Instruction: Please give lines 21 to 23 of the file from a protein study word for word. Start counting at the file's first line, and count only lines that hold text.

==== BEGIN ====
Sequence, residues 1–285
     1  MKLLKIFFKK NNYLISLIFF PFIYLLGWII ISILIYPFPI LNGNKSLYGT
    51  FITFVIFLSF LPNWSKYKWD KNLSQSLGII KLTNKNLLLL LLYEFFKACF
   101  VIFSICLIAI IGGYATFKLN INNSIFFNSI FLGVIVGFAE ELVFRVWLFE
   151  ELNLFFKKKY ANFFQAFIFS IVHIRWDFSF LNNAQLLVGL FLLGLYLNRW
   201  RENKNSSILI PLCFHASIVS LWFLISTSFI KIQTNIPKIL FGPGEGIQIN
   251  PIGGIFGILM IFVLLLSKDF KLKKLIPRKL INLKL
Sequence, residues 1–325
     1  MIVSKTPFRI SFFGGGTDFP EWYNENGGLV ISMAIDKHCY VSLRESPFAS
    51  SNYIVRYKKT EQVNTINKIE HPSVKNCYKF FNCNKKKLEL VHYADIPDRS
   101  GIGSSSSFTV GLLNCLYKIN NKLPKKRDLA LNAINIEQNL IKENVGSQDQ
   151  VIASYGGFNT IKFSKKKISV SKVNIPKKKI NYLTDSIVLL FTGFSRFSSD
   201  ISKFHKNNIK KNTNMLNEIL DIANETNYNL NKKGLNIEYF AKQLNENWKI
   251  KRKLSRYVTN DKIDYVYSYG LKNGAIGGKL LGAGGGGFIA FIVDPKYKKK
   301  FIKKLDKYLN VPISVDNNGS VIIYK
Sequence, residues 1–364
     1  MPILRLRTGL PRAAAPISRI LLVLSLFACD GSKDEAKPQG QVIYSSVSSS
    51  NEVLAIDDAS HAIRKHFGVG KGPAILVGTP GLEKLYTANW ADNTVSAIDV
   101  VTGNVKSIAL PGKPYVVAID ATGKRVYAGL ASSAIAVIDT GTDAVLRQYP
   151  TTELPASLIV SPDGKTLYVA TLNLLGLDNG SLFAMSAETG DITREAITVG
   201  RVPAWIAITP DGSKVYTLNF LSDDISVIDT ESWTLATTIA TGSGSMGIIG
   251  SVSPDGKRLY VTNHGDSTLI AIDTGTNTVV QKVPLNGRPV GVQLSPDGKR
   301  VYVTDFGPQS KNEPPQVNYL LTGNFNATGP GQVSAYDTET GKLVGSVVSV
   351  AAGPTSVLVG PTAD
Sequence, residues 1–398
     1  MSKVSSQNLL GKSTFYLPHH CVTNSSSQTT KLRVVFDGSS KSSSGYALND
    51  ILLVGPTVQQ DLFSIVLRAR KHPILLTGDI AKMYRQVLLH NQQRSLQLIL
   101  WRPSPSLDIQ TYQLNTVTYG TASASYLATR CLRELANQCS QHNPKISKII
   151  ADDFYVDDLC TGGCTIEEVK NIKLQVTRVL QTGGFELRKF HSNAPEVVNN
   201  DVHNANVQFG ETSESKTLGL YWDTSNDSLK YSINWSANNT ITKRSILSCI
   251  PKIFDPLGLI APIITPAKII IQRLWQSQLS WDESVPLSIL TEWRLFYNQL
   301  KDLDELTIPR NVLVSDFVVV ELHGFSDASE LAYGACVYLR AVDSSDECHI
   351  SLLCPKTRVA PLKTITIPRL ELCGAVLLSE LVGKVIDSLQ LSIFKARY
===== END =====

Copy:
   201  RVPAWIAITP DGSKVYTLNF LSDDISVIDT ESWTLATTIA TGSGSMGIIG
   251  SVSPDGKRLY VTNHGDSTLI AIDTGTNTVV QKVPLNGRPV GVQLSPDGKR
   301  VYVTDFGPQS KNEPPQVNYL LTGNFNATGP GQVSAYDTET GKLVGSVVSV